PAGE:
Super Typhoon nears Philippines, Officials warn of Landslides
A powerful storm strengthened to a "super typhoon" on Sunday hours before it was set to slap the northeastern tip of the Philippines, prompting officials to warn of landslides and call on residents along the coast to evacuate to safer ground.
Typhoon Noul is now a category five storm, packing winds of up to 185 kph (115 mph) near the centre, with gusts of up to 220 kph (137 mph), as it approaches the rice-producing province of Cagayan about 400 km (250 miles) north of the capital, Manila.
It was moving faster at 20 kph as it neared the Philippines' northeastern coast, where it was expected to make landfall later on Sunday, and was estimated at 100 km east of Tuguegarao City in Cagayan province.
"We strongly advise pre-emptive evacuation while we still have time, and we expect there will be a confluence of events - a high tide, heavy rainfall in the mountains, the possibility of a storm surge and strong winds," Alexander Pama, head of the national disaster agency, told a news briefing.
The typhoon was expected to trigger landslides, flashfloods, and storm surges of up to 2 metres in parts of the Cagayan Valley, the weather bureau said, adding that heavy to intense rainfall was likely within the typhoon's 150 km diameter.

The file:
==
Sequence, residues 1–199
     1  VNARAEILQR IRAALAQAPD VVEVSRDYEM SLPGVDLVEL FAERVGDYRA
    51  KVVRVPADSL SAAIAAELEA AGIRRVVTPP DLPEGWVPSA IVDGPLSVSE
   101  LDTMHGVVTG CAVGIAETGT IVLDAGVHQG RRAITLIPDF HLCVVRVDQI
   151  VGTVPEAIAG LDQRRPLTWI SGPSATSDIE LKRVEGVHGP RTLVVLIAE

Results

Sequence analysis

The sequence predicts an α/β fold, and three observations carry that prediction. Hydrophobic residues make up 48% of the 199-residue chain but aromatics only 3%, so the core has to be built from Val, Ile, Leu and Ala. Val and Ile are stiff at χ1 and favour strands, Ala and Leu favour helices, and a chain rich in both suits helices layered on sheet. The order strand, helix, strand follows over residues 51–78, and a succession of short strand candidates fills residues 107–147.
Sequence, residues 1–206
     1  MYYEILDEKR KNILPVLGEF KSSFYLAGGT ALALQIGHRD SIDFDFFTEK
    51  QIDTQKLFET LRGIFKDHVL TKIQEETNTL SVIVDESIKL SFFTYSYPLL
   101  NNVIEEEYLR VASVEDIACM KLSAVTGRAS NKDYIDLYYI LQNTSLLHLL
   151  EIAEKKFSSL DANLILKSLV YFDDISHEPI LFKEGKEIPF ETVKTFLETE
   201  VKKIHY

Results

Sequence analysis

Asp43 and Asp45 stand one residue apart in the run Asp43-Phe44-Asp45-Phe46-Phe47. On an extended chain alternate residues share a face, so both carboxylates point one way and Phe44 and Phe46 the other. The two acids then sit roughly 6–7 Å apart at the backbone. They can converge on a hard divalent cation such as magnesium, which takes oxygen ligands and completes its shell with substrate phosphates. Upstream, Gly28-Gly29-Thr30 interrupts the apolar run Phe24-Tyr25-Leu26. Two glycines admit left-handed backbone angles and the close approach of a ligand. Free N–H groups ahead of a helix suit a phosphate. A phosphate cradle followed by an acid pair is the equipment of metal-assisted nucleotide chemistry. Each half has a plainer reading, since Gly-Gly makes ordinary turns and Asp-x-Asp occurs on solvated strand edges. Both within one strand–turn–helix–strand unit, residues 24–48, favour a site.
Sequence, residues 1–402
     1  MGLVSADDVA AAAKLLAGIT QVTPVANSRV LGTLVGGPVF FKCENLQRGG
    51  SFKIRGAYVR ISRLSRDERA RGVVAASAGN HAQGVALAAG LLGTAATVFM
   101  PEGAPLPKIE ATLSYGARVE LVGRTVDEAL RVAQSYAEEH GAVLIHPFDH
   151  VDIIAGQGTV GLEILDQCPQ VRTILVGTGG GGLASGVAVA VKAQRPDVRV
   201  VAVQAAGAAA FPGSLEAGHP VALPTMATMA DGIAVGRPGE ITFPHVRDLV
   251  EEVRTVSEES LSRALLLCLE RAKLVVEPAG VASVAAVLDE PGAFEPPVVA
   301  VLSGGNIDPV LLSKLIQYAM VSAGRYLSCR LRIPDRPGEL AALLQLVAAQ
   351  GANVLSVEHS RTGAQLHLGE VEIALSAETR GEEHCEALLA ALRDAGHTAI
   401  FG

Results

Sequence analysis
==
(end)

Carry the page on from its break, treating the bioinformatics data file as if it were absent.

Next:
The weather bureau said Noul was likely to hit land somewhere around the town of Santa Ana, in Cagayan Valley province, and may damage houses and topple trees.
The disaster agency said there could be landslides in at least 21 areas of Santa Ana and nearby Gonzalo town.
But British-based Tropical Storm Risk forecast the super typhoon would just miss Philippine provinces and veer north over the East China Sea towards Japan. (http://bit.ly/18nzbrs)
More than 5,000 passengers and about 100 vessels were stranded in various ports in the country as of Saturday, mostly along its eastern seaboard. Airline Cebu Pacific cancelled at least six domestic flights to the northern Philippines.
Officials in northern Philippine provinces have alerted rescue units and positioned relief goods. The government readied trucks to ferry people away from low-lying and flood-prone areas.
An average of 20 typhoons cross the Philippines each year, with the storms becoming fiercer in recent years. More than 8,000 people died or went missing and about a million were made homeless by Haiyan, a category 5 typhoon that struck the central Philippines in 2013, bringing 5-metre high storm surges.
(Additional reporting by Neil Jerome Morales and Manny Mogato; Editing by Alex Richardson)